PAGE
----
The second and far better option is to get the candidate to confirm that he would take the oath of office — and mean it. In swearing that he would “preserve, protect, and defend the Constitution of the United States,” the would-be president affirms that he would treat the nation’s fundamental law as the highest or ultimate law in all circumstances — even if and when he sensed a tension or conflict between the Constitution and his personal faith. As long as a candidate publicly pledges to put his faith aside in the case of a direct conflict between it and the duties of his office, he passes the religious test.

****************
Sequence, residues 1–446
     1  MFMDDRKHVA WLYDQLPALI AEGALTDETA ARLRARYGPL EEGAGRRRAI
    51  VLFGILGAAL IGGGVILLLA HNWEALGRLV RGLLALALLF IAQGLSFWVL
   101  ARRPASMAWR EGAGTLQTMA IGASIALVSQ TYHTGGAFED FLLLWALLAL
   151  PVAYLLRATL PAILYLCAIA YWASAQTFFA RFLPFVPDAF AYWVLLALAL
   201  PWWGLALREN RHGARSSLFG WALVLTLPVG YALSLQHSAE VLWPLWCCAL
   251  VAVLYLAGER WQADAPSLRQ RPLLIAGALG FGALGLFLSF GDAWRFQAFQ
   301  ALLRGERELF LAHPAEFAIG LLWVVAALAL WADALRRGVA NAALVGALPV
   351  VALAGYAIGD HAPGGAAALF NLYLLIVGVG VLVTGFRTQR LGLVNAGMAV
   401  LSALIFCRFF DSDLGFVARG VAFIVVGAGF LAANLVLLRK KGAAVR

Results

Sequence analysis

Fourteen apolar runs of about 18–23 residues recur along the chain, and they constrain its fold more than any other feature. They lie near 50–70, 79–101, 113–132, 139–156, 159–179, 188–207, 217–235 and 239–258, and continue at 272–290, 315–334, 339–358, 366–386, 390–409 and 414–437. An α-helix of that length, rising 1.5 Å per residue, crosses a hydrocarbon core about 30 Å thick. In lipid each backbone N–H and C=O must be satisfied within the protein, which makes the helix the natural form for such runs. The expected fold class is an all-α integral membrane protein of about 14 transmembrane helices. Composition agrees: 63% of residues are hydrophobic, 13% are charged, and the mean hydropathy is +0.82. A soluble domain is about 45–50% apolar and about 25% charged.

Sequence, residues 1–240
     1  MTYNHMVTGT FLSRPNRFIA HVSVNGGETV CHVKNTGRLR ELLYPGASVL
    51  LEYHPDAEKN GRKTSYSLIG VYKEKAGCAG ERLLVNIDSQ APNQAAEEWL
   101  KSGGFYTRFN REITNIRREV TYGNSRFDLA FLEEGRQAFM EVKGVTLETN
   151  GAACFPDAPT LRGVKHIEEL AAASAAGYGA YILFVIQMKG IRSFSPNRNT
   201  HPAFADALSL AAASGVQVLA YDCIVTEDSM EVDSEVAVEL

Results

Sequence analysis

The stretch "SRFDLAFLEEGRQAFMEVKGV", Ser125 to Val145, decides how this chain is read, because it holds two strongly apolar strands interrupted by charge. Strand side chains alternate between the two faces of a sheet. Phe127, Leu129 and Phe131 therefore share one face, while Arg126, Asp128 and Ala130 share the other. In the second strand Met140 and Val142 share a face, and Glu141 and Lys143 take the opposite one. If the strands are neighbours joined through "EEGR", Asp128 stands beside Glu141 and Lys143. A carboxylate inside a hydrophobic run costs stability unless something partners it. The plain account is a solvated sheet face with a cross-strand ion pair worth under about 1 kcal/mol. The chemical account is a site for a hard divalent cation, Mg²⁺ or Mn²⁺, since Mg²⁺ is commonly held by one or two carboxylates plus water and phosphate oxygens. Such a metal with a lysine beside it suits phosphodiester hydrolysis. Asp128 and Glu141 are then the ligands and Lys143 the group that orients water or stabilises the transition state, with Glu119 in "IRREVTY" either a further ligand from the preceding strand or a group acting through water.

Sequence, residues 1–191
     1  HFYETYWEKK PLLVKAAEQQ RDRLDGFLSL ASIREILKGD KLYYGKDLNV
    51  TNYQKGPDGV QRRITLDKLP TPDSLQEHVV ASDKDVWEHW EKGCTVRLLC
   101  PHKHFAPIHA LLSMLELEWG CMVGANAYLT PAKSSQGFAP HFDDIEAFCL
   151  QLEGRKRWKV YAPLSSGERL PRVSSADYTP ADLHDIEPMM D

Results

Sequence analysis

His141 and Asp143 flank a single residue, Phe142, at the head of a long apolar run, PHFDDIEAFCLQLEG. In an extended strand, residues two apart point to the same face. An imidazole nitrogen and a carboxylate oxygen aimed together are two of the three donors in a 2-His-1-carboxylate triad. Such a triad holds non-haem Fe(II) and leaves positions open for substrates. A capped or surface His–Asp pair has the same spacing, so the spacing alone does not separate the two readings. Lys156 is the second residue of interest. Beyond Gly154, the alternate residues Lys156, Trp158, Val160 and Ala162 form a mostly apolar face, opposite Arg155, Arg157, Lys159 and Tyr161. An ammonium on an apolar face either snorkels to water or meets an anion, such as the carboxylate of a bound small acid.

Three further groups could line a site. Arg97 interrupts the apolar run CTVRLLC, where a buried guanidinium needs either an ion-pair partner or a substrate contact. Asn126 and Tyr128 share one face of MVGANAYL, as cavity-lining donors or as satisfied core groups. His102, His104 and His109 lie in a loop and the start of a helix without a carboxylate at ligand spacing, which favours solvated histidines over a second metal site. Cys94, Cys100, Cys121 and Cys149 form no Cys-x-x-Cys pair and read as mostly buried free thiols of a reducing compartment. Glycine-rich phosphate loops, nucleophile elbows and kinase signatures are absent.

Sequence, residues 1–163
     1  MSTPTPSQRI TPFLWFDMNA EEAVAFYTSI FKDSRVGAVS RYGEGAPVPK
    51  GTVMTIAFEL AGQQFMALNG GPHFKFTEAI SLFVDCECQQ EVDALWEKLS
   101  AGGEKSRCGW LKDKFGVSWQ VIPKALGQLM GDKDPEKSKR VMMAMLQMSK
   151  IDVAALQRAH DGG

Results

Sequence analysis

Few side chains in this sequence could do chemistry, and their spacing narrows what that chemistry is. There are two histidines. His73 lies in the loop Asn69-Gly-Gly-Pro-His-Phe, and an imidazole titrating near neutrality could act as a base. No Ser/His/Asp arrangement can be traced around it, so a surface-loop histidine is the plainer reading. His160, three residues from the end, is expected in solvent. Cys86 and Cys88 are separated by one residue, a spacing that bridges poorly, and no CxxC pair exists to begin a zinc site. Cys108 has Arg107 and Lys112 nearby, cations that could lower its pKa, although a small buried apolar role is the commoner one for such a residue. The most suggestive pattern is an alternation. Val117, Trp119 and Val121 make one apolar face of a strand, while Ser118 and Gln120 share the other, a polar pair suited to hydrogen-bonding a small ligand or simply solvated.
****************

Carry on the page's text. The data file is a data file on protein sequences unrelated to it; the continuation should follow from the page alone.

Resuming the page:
And that brings us back to Carson’s comments — both to what was smart about them, and what was offensive.

Carson’s first, widely decried comment about how we shouldn’t “put a Muslim in charge of this nation” is a perfect example of how not to administer an informal religious test — because it treats all Muslim-American citizens as if they uniformly affirm illiberal views. Whether Carson meant to imply that a Muslim president would inevitably reveal himself upon taking office to be a covert ISIS operative or merely seek to impose Sharia law on the nation, the insinuation was both insulting and ignorant.

But in his later statement, Carson gestured toward something far more thoughtful: What matters is what a candidate says and how she lives her life. If she’s used her actions and words to elevate the nation, encourage success, and foster peace and harmony, then it shouldn’t really matter what faith community she belongs to.